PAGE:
Presentations are a key part of the planning professional’s skill set, says Rachel Miller. Done well, they can win the hearts and minds of your audience, whether you are presenting to clients, addressing a conference, or speaking at a local community hall
6. Engage your audience
Anything that engages your audience emotionally will get attention and be remembered. Try to tell stories. Use examples from real-life and include surprise, humour, or suspense. Show some passion for your subject and tell everyone how excited you are to be there.
Interaction between speaker and audience also improves engagement. Ask and answer questions and find simple ways for audience members to participate. This is especially useful at training sessions.
7. Create visual appeal
Research proves that visual material is absorbed more quickly than words and remembered for longer. And visuals are absolutely critical when it comes to presenting development proposals, for example. Good-quality photography, plans and illustrations can all bring your presentation to life.
Make sure visuals are strong and bold. Avoid using anything that is hard to decipher. Spend time devising a clear ‘look’ for your entire presentation using typefaces, colours and icons – it will look more professional and cohesive.
8. Use your own words
The words that you say are certainly important, but the words you project on-screen are also powerful. And too many PowerPoint headings are full of dull corporate-speak or jargon.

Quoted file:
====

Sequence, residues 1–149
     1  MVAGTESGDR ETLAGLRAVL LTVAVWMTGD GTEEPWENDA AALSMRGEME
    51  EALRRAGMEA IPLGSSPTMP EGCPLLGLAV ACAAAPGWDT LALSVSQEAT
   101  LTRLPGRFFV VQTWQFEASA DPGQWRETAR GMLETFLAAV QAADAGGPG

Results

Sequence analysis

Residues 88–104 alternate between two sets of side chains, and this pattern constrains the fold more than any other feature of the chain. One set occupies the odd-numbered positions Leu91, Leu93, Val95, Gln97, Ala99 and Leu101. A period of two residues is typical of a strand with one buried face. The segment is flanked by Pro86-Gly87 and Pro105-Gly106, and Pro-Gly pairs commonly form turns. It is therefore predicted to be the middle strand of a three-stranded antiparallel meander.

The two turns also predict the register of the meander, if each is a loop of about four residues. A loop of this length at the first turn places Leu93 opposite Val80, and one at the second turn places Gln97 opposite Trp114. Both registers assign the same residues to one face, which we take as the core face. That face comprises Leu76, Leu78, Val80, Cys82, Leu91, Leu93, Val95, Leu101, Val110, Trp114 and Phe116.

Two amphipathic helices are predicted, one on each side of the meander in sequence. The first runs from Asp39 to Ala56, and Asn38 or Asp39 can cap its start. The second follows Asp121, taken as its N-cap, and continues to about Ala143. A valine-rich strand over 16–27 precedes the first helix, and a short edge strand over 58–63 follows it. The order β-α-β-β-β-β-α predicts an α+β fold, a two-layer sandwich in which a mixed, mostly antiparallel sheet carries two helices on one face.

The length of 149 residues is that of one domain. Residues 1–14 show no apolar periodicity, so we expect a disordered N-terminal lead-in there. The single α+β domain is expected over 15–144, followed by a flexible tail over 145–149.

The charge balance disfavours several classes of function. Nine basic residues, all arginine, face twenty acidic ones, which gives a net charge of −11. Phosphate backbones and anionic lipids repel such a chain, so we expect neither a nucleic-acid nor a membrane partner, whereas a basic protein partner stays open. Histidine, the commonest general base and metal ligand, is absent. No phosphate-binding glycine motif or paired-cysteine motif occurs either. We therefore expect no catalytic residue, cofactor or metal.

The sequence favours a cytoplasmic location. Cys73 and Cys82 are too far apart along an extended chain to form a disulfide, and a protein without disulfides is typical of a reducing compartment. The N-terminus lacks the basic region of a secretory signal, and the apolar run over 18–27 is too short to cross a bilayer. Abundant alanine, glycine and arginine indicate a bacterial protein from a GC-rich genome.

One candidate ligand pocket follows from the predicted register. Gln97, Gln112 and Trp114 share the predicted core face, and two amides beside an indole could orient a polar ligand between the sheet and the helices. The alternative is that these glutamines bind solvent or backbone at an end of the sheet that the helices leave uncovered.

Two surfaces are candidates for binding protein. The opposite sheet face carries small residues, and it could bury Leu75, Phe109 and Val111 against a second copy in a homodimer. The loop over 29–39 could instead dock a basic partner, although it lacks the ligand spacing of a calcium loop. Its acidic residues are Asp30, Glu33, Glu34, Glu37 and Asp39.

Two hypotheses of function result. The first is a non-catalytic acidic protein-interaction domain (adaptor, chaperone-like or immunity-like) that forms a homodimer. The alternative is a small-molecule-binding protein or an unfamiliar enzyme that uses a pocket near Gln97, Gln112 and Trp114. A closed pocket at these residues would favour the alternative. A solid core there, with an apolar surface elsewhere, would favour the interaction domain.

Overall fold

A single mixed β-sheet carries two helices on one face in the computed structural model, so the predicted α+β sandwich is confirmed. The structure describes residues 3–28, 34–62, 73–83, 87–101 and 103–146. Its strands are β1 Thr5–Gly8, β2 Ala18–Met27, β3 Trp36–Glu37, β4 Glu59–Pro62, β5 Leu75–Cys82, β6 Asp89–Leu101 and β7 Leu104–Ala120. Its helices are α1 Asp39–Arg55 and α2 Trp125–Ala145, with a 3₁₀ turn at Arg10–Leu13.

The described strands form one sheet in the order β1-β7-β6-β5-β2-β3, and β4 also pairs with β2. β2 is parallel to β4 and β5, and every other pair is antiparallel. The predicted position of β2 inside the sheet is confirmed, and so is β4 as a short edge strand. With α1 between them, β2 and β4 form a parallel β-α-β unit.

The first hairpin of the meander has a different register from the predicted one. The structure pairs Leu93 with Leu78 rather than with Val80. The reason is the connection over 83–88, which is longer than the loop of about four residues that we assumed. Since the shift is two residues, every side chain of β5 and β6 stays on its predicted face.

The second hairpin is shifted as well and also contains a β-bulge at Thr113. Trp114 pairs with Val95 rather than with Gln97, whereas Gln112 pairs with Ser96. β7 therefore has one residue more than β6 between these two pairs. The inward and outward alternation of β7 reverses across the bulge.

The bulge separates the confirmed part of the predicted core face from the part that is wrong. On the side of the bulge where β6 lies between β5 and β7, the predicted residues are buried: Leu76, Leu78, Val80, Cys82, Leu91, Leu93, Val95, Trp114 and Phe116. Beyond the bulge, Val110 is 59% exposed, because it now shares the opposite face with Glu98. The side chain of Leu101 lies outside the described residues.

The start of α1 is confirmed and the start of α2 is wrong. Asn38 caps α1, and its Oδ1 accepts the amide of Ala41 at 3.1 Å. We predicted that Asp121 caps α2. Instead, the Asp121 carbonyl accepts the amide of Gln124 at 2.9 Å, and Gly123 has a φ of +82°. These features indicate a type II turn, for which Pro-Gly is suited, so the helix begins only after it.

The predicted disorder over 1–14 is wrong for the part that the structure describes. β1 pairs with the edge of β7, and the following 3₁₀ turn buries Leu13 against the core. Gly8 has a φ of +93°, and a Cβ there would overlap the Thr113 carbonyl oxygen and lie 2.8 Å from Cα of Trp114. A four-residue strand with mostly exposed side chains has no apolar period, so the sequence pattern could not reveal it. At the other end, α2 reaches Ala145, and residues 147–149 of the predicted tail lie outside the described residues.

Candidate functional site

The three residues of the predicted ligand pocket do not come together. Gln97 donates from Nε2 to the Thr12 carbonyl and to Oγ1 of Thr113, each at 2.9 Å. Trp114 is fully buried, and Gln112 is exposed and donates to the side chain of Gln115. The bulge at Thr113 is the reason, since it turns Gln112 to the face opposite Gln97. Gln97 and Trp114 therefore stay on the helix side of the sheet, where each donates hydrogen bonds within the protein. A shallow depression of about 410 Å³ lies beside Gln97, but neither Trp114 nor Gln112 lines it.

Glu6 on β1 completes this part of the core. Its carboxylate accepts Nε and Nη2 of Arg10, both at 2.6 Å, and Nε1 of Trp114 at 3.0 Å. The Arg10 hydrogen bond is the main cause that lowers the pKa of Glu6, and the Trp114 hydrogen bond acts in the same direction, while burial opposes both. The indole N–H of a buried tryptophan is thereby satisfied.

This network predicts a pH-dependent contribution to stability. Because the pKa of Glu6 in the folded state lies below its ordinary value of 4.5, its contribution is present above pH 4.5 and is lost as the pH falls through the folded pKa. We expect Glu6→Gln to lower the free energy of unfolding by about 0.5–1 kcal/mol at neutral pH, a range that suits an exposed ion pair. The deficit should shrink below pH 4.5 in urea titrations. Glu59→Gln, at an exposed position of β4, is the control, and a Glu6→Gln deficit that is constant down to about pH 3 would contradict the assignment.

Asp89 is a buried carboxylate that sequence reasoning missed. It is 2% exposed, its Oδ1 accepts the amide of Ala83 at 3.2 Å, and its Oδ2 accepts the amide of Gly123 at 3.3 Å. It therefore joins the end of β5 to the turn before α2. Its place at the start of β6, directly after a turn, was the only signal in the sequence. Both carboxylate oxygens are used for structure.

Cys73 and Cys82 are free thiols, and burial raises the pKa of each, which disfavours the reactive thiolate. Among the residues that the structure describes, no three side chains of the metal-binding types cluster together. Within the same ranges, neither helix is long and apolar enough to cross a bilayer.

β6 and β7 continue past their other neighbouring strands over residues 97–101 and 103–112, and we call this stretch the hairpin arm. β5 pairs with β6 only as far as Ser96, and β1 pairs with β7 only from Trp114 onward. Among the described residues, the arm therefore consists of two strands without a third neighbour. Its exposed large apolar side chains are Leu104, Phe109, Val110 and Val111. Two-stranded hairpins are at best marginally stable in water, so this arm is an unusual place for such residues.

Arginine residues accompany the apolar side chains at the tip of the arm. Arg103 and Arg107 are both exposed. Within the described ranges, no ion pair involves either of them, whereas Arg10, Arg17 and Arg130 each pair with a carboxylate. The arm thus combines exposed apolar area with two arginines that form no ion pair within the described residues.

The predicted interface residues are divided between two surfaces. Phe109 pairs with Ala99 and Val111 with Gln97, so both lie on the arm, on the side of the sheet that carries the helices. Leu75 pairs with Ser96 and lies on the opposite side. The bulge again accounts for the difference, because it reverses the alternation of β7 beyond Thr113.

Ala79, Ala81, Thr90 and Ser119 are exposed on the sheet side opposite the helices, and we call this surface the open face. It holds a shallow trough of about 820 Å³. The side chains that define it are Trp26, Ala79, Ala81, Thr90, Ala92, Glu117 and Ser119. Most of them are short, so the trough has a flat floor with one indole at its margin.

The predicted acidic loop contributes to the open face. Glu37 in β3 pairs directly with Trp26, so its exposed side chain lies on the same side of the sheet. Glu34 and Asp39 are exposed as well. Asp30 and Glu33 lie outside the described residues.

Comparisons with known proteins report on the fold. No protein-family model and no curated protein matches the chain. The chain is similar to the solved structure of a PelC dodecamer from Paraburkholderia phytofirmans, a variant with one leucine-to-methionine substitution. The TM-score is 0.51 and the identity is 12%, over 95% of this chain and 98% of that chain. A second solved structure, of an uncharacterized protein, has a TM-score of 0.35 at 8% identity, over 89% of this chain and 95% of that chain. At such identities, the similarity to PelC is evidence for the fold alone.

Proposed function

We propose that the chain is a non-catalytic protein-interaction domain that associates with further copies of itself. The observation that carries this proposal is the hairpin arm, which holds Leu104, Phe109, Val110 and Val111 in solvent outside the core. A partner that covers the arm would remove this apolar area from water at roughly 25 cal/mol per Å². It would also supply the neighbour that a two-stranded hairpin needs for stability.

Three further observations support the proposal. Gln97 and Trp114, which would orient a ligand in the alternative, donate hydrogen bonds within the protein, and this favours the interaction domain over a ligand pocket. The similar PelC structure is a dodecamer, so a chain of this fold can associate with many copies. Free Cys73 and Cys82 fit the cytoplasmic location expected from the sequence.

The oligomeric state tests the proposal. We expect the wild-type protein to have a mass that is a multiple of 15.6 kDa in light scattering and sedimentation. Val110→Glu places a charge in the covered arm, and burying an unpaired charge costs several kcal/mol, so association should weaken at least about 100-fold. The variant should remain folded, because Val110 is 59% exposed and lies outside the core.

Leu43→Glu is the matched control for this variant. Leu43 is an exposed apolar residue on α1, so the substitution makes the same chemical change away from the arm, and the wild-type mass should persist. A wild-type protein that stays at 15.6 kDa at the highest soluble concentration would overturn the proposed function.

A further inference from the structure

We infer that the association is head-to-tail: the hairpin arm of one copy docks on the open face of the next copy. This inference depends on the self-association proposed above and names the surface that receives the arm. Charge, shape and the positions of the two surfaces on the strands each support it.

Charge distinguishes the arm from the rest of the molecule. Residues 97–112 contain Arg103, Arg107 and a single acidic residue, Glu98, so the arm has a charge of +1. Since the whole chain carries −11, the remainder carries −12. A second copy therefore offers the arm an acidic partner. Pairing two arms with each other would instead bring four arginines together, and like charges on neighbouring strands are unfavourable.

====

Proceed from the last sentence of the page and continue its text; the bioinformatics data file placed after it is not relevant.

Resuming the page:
Don’t assume that everyone you are addressing is ‘in the know’; create easy-to-understand headings that pose questions, arouse curiosity or promise interesting insights.
9. Focus on the outcome
And finally, think about what you want your audience to do afterwards and make sure your conclusion contains a call to action.
Rachel Miller is a freelance journalist and editor of the Marketing Donut small business website
Expert Q&A: Simon Raybould
Q. What's the biggest mistake people normally make with PowerPoint?
A. It’s thinking that PowerPoint is for you, when it should be there for the audience. It’s not a crutch. You have to think about what the audience needs to see. Never use PowerPoint slides simply as a prompt or a script for your presentation.
Q. How can you make your presentation more polished?
A. Use PowerPoint’s Presenter View. It gives you a place to put easy-to-read notes so you don’t forget key points, but the audience only sees the slide. It also means you can introduce the next topic just before you bring the slide up – giving the impression you are totally on top of your game.
Q. How important are visuals?
A. They are vital. We process visual information up to 35,000 times faster than text – but all your graphics must be well-designed and must tell the story of the data. Complex data should be provided in a handout at the end. Before you begin your presentation, tell your audience there will be a handout and it will build trust.
Q How do you make sure nothing goes wrong?
A. You can reduce the risk of failure by making sure all the logistics are right on the day – everything from the technology and handouts to your own appearance. The best way to do this is with a comprehensive checklist. Draw this up in advance; on the day, the simple act of checking the list will give you more confidence before you go on. It’s also critical to practice – you must really know your material.
Q. How do you cope with nerves?
A. Trying to go from being scared to being calm is a big ask. Your adrenaline has to go somewhere. Research has proved that channelling that energy into excitement – literally by saying the words “I am excited” – improves confidence considerably.
Dr Simon Raybould is the founder of Aware Plus, specialists in soft skills training and presentations. He is the author of Presentation Genius
Image | iStock